Meanwhile what of the continuing mess of Brexit?

Had to laugh at this, in the Guardian a report from the interview given by the Bank of England’s Deputy Governor, a day after Sterling hit its lowest level ever against other currencies – hey, that’s no glitch according to Brexiters, it’s a feature. Well, dream on. Anyhow I loved the assumptions implicit in the following:

Q: What are the prospects of the UK continuing to have influence over the regulation of financial services in the EU, and globally, after Brexit?
Sir Jon Cunliffe says the UK won’t have influence from inside on the making of EU regulation, once it has left.
We will necessarily lose influence, if you’re not an EU member you can’t be inside the machinery making EU law.
But he expects the EU to maintain its commitment to international standards.
I hope, presume, and will devote considerable effort to ensure Britain still influence those global standards, Cunliffe adds.

Well I never, a UK outside the EU might not have influence on regulation of financial services inside the EU? How could they proceed ahead as if… as if…. as if the UK wasn’t a member….

Really, the solipsism of so much of British (or should that be English) thinking on the way the world works is astounding.

And glum words from the Deputy Governor on how the future may pan out for London’s financial ecosphere. He doesn’t think it will go to the EU. But…

Cunliffe then cites research showing that a quarter of the value of a ‘transaction chain’ comes from other financial firms who take part in the transaction, and another quarter comes from non-financial companies such as lawyer.
You need those things to be able to work together seamlessly.
And in New York, that already happens. So some services could shift over the Atlantic, Cunliffe suggests.

There’s this from the conference with – Jesus, just writing it is to feel oddly tainted, UK Foreign Secretary Boris Johnson.

Andrew Rosindell, a Conservative, goes next.
Q: You have not mentioned the Commonwealth. William Hague promised to put the C back in FCO, but nothing happened. What are you going to do to improve relations with Commonwealth countries.
Johnson says the Commonwealth is very important. Many Commonwealth countries are high growth countries. They are bounding ahead. But, because the UK has been in the EU, it has not been able to sign trade deals with these countries.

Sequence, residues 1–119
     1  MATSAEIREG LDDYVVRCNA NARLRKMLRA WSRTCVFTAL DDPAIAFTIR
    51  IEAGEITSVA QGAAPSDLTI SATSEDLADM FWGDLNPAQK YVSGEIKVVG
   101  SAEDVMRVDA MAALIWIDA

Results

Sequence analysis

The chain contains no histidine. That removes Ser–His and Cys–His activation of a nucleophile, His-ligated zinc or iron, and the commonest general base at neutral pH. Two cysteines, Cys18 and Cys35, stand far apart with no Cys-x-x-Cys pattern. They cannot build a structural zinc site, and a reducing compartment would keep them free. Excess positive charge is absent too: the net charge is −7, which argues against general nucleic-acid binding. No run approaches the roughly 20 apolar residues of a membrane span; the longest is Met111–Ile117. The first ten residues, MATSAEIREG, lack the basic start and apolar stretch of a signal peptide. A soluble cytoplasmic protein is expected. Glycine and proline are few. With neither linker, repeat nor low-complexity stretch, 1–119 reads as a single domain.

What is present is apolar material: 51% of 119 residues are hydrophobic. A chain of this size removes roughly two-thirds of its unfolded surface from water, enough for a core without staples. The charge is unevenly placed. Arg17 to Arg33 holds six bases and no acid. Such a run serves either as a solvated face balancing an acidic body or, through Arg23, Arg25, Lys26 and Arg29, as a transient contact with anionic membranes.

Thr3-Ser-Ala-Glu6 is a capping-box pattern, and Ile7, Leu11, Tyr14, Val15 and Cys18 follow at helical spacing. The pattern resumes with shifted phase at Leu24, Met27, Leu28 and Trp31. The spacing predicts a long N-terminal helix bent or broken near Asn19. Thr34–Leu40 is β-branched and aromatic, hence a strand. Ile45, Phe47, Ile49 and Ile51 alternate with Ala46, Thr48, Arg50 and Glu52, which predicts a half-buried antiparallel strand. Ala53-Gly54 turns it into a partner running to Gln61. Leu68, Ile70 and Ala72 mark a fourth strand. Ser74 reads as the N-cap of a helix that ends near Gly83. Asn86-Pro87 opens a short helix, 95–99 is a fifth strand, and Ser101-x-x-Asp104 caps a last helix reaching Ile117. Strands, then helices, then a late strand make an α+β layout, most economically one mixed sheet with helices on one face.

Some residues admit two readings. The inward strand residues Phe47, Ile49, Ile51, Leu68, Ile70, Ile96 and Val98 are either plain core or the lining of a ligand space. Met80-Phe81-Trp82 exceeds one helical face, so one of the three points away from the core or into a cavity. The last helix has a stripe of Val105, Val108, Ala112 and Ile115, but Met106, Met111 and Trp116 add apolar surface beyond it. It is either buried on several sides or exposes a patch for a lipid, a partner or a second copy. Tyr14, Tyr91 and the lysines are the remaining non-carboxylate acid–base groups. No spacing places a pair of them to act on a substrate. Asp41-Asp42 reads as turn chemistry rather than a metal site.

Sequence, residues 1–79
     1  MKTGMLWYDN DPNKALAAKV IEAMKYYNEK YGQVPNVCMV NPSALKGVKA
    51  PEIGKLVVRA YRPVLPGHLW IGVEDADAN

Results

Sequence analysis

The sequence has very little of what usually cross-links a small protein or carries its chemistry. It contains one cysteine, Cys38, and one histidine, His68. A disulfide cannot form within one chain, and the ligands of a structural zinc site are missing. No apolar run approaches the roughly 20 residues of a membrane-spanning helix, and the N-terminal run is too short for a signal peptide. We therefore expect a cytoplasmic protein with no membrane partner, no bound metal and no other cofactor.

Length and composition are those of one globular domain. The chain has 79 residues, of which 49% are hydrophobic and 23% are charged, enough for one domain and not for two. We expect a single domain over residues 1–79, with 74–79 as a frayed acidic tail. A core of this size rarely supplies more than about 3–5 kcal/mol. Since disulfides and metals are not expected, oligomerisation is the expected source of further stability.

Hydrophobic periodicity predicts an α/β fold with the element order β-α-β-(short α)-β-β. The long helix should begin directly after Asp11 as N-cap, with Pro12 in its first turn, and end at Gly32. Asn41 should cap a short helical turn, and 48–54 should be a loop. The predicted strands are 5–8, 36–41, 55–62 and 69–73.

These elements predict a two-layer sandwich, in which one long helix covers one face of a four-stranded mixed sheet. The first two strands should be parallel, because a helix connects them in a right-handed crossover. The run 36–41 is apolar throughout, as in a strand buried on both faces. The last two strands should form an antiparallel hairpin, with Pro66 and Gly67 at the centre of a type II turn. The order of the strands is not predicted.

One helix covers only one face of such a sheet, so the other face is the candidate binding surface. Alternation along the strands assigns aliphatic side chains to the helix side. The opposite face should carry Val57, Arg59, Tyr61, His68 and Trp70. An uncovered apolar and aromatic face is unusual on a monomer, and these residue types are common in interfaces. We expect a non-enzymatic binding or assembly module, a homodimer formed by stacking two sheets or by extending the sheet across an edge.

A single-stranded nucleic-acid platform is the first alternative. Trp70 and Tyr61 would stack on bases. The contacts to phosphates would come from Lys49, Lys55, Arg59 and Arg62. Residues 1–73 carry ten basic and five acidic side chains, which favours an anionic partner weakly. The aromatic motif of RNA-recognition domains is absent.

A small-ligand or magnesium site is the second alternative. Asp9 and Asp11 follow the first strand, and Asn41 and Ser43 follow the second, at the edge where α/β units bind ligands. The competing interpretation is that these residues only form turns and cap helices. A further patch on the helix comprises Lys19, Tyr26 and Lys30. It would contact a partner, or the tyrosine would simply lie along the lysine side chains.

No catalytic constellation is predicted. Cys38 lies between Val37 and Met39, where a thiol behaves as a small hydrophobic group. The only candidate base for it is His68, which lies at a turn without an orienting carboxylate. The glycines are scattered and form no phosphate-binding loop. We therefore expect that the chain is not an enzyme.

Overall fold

Q: So should the Commonwealth flag fly from British embassies as the EU flag comes down?
Johnson says Rosindell is testing his vexillology (study of flags). He admits he is not familiar with the Commonwealth flag, and will not make commitments now.

Of course he isn’t familiar with it.

And finally, the British Home Office has confirmed that:

…hate crimes leaped by 41% in the month after the vote to leave the European Union, new Home Office statistics confirm.
A daily breakdown of the hate crime offences reported to the police showed the number of incidents doubled in the days after the referendum. The level peaked at 207 incidents on 1 July, twice as many as before the vote, when the level was already unusually high.

Add to this an 147% increase in crimes against LGBT people and this too:

A survey by the Guardian found that European embassies in Britain had logged dozens of incidents of suspected hate crime and abuse against their citizens since the referendum.


1. Roger Cole - October 14, 2016

The Tories have clear majority and there is no evidence of an immediate general election, so polls this far out from one have no meaning.


WorldbyStorm - October 14, 2016

I’d be interested in examples from say the the last thirty or forty years where a party made up that sort of deficit to win in the UK? How do you believe that it can deal with the issue of losing Scotland to the SNP? And at what point in the electoral cycle do you believe that polls become credible?

But even if one believes that the poll means nothing, clearly the overall sentiment means something.